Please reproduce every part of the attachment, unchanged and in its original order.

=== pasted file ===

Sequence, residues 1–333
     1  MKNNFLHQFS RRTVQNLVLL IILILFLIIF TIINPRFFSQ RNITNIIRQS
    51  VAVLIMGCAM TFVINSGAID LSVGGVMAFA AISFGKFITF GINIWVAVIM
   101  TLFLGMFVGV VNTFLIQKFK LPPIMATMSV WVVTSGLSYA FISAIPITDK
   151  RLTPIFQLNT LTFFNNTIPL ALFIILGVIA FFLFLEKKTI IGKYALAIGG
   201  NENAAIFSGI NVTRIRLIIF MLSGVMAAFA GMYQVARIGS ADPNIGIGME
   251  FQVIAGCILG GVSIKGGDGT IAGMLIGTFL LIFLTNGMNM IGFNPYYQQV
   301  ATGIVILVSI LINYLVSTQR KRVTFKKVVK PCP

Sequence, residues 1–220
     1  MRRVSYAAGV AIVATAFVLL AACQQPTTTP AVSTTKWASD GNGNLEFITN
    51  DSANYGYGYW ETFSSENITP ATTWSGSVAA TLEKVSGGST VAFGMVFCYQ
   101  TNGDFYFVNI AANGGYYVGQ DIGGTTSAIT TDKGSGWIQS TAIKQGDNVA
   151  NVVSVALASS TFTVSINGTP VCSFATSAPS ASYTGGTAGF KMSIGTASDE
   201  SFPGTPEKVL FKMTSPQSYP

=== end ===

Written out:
Sequence, residues 1–333
     1  MKNNFLHQFS RRTVQNLVLL IILILFLIIF TIINPRFFSQ RNITNIIRQS
    51  VAVLIMGCAM TFVINSGAID LSVGGVMAFA AISFGKFITF GINIWVAVIM
   101  TLFLGMFVGV VNTFLIQKFK LPPIMATMSV WVVTSGLSYA FISAIPITDK
   151  RLTPIFQLNT LTFFNNTIPL ALFIILGVIA FFLFLEKKTI IGKYALAIGG
   201  NENAAIFSGI NVTRIRLIIF MLSGVMAAFA GMYQVARIGS ADPNIGIGME
   251  FQVIAGCILG GVSIKGGDGT IAGMLIGTFL LIFLTNGMNM IGFNPYYQQV
   301  ATGIVILVSI LINYLVSTQR KRVTFKKVVK PCP

Sequence, residues 1–220
     1  MRRVSYAAGV AIVATAFVLL AACQQPTTTP AVSTTKWASD GNGNLEFITN
    51  DSANYGYGYW ETFSSENITP ATTWSGSVAA TLEKVSGGST VAFGMVFCYQ
   101  TNGDFYFVNI AANGGYYVGQ DIGGTTSAIT TDKGSGWIQS TAIKQGDNVA
   151  NVVSVALASS TFTVSINGTP VCSFATSAPS ASYTGGTAGF KMSIGTASDE
   201  SFPGTPEKVL FKMTSPQSYP